Memorial Sloan Kettering Team Makes Key Discovery in Understanding Immunotherapy’s Successes—And Its Failures

Wednesday, November 19, 2014

A collaborative team of leaders in the field of cancer immunology from Memorial Sloan Kettering Cancer Center has made a key discovery that advances the understanding of why some patients respond to ipilimumab, an immunotherapy drug, while others do not.  MSK was at the forefront of the clinical research that brought this CTLA-4 blocking antibody to melanoma patients.

A report published in the New England Journal of Medicine shows that in patients who respond to ipilimumab, their cancer cells carry a high number of gene mutations—some of which make tumors more visible to the immune system, and therefore easier to fight.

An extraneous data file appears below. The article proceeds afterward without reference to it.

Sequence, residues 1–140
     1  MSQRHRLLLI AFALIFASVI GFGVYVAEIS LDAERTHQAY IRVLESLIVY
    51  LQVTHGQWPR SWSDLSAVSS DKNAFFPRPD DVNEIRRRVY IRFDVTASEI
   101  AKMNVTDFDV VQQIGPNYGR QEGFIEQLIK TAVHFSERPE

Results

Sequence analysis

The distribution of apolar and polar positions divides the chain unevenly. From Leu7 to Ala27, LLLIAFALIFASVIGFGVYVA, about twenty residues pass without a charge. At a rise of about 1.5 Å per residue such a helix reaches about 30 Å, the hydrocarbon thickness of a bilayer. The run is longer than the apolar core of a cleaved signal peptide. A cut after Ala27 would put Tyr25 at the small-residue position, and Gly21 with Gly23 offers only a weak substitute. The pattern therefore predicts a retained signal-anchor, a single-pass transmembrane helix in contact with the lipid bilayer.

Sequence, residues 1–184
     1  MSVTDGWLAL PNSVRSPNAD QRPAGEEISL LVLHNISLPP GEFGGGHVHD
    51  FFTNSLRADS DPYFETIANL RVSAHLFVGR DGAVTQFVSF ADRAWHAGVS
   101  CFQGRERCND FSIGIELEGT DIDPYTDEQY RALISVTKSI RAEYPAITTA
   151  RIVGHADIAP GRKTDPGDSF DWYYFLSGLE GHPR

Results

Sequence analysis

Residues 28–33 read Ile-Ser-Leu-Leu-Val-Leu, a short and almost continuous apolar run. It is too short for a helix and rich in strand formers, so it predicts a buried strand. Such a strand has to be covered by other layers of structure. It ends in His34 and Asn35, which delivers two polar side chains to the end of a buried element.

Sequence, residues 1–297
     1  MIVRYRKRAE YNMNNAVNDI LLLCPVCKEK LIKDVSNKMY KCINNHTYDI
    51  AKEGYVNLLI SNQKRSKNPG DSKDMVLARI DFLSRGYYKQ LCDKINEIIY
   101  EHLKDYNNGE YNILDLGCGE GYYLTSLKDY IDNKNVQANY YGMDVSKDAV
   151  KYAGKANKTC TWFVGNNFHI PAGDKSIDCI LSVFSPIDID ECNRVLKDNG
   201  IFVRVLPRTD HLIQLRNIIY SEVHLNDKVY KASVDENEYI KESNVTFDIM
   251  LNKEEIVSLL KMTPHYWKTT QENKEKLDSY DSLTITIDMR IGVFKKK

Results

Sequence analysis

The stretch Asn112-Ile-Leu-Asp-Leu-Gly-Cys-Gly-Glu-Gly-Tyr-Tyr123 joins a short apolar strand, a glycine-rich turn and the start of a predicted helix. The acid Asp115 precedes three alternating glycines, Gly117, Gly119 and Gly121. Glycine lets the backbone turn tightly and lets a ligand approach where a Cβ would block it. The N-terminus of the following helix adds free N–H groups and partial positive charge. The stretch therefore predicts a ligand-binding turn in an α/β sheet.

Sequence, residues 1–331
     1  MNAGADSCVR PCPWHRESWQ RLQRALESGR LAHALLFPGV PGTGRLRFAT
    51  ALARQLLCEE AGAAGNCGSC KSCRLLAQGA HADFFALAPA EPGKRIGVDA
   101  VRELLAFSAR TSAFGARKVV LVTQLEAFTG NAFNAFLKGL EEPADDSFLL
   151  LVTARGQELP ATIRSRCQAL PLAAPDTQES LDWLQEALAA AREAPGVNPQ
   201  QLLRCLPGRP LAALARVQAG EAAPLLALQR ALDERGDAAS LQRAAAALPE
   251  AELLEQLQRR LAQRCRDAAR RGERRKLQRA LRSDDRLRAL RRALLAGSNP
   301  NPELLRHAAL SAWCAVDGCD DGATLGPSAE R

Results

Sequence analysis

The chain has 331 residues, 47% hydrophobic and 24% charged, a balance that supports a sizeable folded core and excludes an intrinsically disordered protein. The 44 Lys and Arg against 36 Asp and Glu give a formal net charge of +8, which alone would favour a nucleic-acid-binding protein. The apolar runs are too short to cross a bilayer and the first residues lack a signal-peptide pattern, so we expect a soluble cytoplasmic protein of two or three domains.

The research was led by Vice Chair of Radiation Oncology and cancer genomics researcher Timothy Chan, MD, PhD ; oncology fellow Alexandra Snyder Charen, MD; and Chief of the Melanoma and Immunotherapeutics Service and the Lloyd J. Old Chair for Clinical Investigation Jedd Wolchok, MD, PhD. All are available to discuss the importance of the study. To set up an interview, email our media staff at